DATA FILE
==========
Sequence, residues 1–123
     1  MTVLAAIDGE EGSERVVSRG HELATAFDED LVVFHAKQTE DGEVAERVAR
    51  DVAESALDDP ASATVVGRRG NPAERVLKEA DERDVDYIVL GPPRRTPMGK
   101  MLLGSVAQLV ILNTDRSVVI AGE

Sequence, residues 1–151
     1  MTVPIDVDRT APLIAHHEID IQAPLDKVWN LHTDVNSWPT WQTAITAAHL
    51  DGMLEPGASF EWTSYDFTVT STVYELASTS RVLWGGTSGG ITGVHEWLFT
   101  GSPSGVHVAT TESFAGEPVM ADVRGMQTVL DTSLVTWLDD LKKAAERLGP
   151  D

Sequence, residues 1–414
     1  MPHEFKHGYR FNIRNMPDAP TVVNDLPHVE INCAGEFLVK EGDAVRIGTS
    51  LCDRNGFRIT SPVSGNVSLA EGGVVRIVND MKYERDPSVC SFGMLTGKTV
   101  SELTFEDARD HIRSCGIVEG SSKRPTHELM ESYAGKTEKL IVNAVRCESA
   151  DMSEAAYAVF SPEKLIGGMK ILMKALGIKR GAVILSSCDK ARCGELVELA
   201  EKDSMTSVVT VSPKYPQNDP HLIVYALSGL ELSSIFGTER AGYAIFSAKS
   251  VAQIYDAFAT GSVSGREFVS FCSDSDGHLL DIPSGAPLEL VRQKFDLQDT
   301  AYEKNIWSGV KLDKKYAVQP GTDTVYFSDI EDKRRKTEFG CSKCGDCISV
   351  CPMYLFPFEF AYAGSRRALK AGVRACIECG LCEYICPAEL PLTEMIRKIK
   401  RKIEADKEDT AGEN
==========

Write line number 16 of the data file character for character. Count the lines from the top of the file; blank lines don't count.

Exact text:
   251  VAQIYDAFAT GSVSGREFVS FCSDSDGHLL DIPSGAPLEL VRQKFDLQDT